Of Fridges and Pacemakers: The Pervasive Vulnerabilities of the Internet of Things (1/2)


The Problem

In January, the Wired magazine published an essay, in which cyber security guru Bruce Schneier warned about the security risks of the Internet of Things (IoT).  “Riddled with vulnerabilities,” information technology (IT) embedded in all kinds of appliances at home, in the public, in cars, or even in our bodies allows hackers to access such systems at much less cost compared to our personal computers, which are often well protected and regularly updated in terms of security.

This post is the first of two parts. Today, I will sketch out the phenomenology of these IoT specific vulnerabilities, blogging about incidents that have illustrated their presence and give an idea of their future potential. Tomorrow, I will cover the political considerations. Following Schneier’s argument on the causes of this problem and his prescription, I will outline first responses of the private sector.


Its Manifestations

Schneier referred to routers and modems as a primary target, as they are

(1) between users and the Internet, so turning them off is increasingly not an option;

(2) more powerful and more general in function than other embedded devices;

(3) the one 24/7 computing device in the house […].


Accordingly, Fabio Assolini of Kaspersky Labs reviewed the 2011 hacking of more than 4.5 million home DSL routers in Brazil on securelist.com. Cyber criminals remotely accessed unprotected ADSL modems and changed their configurations in a way that directed traffic to malicious domain name servers (DNS). Instead of the (correctly entered) web address, the router took affected users to a destination that only pretended to be the desired (and correctly requested) homepage, tricking them into entering financially sensitive information.

2 weeks ago, a similar incident has been reported by the Polish Computer Emergency Response Team (CERT Polska). In late 2013, the country’s cyber watch started to investigate what they found to be a “[l]arge-scale DNS redirection on home routers for financial theft,” the same kind of attack that has occurred in Brazil, and which is commonly referred to DNS hijacking.

But Schneier’s argument is not restricted to routers,

[a]s the Internet — as well as our homes and bodies — becomes flooded with new embedded devices that will be equally poorly maintained and unpatchable.


Only ten days after Schneier’s publication, cyber security company Proofpoint, Inc. announced the detection of a cyber attack that hacked more than 100,000 electronic devices. Refrigerators and TVs, among others, sent out at least 750,000 spam and phishing emails with the purpose to install malicious software and extract sensitive information. The company’s researchers uncovered “what may be the first proven Internet of Things (IoT)-based cyber attack involving conventional household ‘smart’ appliances.” According to Schneier, “there’s no good way to patch them.” Fridges and cars are not (yet) equipped with firewalls and anti-virus software.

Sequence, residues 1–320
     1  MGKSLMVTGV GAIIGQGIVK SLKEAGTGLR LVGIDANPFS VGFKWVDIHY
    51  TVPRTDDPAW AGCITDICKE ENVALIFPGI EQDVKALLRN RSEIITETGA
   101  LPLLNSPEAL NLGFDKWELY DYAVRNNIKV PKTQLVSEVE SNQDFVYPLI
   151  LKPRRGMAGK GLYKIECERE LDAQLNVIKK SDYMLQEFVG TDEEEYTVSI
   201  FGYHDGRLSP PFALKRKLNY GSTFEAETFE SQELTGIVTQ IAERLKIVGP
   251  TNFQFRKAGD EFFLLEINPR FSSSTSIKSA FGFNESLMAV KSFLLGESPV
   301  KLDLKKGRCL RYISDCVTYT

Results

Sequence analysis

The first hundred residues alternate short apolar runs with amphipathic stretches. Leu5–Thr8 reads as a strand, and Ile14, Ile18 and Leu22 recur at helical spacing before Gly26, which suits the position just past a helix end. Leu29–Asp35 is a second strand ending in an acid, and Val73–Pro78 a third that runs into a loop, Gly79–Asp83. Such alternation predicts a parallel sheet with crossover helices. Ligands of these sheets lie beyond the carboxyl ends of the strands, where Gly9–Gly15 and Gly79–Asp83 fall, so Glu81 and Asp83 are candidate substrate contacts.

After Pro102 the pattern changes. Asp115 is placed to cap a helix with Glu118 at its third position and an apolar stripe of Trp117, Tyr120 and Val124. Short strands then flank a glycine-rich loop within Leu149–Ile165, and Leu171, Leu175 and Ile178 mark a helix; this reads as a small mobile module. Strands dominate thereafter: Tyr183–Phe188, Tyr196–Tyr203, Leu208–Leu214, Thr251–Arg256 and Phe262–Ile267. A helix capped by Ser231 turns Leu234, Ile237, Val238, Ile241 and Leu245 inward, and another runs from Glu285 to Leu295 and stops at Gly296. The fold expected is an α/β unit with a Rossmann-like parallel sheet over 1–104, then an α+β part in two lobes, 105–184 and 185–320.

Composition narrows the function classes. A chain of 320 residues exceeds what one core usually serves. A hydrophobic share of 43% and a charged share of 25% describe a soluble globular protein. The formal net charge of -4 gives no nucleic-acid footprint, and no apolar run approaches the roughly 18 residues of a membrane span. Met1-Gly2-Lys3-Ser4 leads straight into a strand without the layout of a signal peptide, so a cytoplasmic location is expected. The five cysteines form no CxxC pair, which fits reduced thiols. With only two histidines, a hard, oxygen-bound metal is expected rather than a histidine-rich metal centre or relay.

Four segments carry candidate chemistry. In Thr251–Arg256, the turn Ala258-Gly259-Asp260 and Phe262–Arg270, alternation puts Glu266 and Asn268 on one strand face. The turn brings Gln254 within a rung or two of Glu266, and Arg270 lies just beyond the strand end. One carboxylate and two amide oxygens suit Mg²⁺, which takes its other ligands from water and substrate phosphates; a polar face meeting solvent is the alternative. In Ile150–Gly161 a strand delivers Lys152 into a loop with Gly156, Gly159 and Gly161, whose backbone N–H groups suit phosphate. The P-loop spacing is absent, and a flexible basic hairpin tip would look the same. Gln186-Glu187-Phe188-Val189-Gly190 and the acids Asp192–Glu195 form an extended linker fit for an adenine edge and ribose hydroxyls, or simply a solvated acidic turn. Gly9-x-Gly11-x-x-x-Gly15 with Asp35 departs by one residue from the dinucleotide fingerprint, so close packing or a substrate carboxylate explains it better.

Moreover, for the Black Hat Asia technical information security conference scheduled at the end of March 2014 in Singapore, two Spanish researchers announced to demonstrate how they will hack a car and take over control “just by hooking four wires,” using a custom made tool that costs less than 20 US Dollars.

And finally, as early as 2008, the Wired magazine published an article headlined “Scientists Demonstrate Deadly WiFi Pacemaker Hack.” Long before Showtime’s polit-thriller TV show “Homeland” introduced that kind of cyber attack to its audience two years ago, and Dick Cheney told CBS last year how, in order to prevent potential assassination, he had his doctors disable the WiFi function of his pacemaker when he got it implanted, these news already gave a taste of the pervasive vulnerabilities of the IoT.


Tune in tomorrow to find out about the causes of the problem, what could be done, and what is currently done about it.


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One Response to “Of Fridges and Pacemakers: The Pervasive Vulnerabilities of the Internet of Things (1/2)”

  1. […] Yesterday’s blog post raised awareness on the insecurities of the Internet of Things (IoT). Widespread vulnerabilities make all kinds of “smart” devices an easily accessible and controllable target for hackers and cyber criminals. Several examples of cyber attacks on such embedded systems have been mentioned to substantiate security expert Bruce Schneier’s problem statement. […]

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